Workers monitor circuit card assembly machines at a Raytheon facility in Massachusetts.

Workers monitor circuit card assembly machines at a Raytheon facility in Massachusetts. The Boston Globe via Getty Images / John Tlumacki

Lack of Workers Is Hurting Supply Chains More than COVID, Defense Execs Say

An economic slowdown might be the only way to fill job vacancies, says Raytheon CEO.

Defense industry executives have largely attributed the supply-chain woes of recent years to the coronavirus pandemic. But more than a year after the widespread arrival of COVID vaccines, shortages of skilled workers are still delaying weapons deliveries and eating into firms’ profits.

“We really expected, as COVID receded into the background, that we would see a quick recovery in the supply chain and in fact that was wrong,” Raytheon Technologies CEO Greg Hayes told investment analysts Tuesday during the company’s quarterly earnings call. “The labor challenges that we continue to see have not abated and…I think that is the challenge and that's the reason we continue to struggle in supply chain.”

Hayes told Defense One last week that more than 350 of the company’s 174,000 employees are working directly on managing supply-chain slowdowns. 

Raytheon is not alone. Lockheed Martin, the world’s largest defense company, reduced its 2022 sales estimate by $750 million, in part due to supply-chain problems. CEO Jim Taiclet said last week that his company expects these problems to fester through the end of the year.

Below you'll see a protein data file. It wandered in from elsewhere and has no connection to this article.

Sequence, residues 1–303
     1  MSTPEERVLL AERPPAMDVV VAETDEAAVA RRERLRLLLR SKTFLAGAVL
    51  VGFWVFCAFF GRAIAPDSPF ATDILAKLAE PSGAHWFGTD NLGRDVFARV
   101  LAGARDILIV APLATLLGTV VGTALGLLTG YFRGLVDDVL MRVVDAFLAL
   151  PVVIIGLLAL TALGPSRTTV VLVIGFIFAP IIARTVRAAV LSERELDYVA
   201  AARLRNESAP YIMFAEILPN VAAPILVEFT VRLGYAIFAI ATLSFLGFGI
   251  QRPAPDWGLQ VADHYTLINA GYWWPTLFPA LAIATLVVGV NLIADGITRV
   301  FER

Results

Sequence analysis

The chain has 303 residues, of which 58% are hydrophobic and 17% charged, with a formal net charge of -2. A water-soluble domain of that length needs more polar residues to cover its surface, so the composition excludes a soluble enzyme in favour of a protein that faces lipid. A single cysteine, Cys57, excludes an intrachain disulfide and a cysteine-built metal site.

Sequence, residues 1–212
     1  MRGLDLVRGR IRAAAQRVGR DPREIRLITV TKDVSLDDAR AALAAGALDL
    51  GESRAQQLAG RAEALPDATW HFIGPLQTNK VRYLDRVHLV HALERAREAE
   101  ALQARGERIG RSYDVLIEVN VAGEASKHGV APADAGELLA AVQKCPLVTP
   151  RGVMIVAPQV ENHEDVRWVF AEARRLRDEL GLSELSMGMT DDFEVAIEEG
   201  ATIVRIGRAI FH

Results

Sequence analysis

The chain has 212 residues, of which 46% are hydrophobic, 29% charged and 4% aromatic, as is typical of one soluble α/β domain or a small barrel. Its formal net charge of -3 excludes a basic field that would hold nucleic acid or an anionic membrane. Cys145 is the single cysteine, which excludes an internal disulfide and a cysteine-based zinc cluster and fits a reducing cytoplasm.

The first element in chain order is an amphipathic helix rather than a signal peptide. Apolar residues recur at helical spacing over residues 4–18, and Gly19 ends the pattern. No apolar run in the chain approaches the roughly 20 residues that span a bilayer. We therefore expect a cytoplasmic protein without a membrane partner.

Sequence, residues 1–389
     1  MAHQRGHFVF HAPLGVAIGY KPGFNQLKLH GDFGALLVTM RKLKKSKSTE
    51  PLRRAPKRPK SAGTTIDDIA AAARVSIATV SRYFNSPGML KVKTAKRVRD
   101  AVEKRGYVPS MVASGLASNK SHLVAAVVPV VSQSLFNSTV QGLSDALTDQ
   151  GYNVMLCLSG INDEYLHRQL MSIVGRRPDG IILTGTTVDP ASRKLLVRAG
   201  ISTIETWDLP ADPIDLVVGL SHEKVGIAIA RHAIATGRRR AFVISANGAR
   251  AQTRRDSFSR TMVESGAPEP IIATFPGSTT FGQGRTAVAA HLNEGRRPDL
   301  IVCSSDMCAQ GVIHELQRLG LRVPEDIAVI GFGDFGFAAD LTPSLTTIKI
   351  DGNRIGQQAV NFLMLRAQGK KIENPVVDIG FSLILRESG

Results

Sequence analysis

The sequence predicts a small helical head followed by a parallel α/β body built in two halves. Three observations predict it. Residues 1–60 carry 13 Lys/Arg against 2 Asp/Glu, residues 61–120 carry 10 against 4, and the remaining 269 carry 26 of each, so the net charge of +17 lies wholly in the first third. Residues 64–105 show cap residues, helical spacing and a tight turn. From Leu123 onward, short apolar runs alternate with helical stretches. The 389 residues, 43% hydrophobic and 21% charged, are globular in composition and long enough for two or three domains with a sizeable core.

“Going back [to] the beginning of the year, everyone was impacted by the latest [coronavirus] variant that we had,” Lockheed CFO Jay Malave said on the company’s quarterly earnings call last week. “Our operations were impacted; our supply-chain operations were impacted and I think our ability to recover from that has been more challenging than we had originally anticipated.”

A recent McKinsey study found that defense companies were hit harder by “The Great Resignation” that came during the pandemic than other sectors. Now with more than 11 million job openings across the United States, workers can be selective when choosing an employer.

“I think the only thing that's going to solve labor availability, I hate to say this, is a slowdown in the economy. Because right now, there just simply aren't enough people in the workforce for all of our suppliers,” Hayes said.

The International Monetary Fund said the economy was slowing amid recession fears, according to a new report released Tuesday.

Hayes last week called on the Biden administration to support apprentice programs that train the next generation of workers.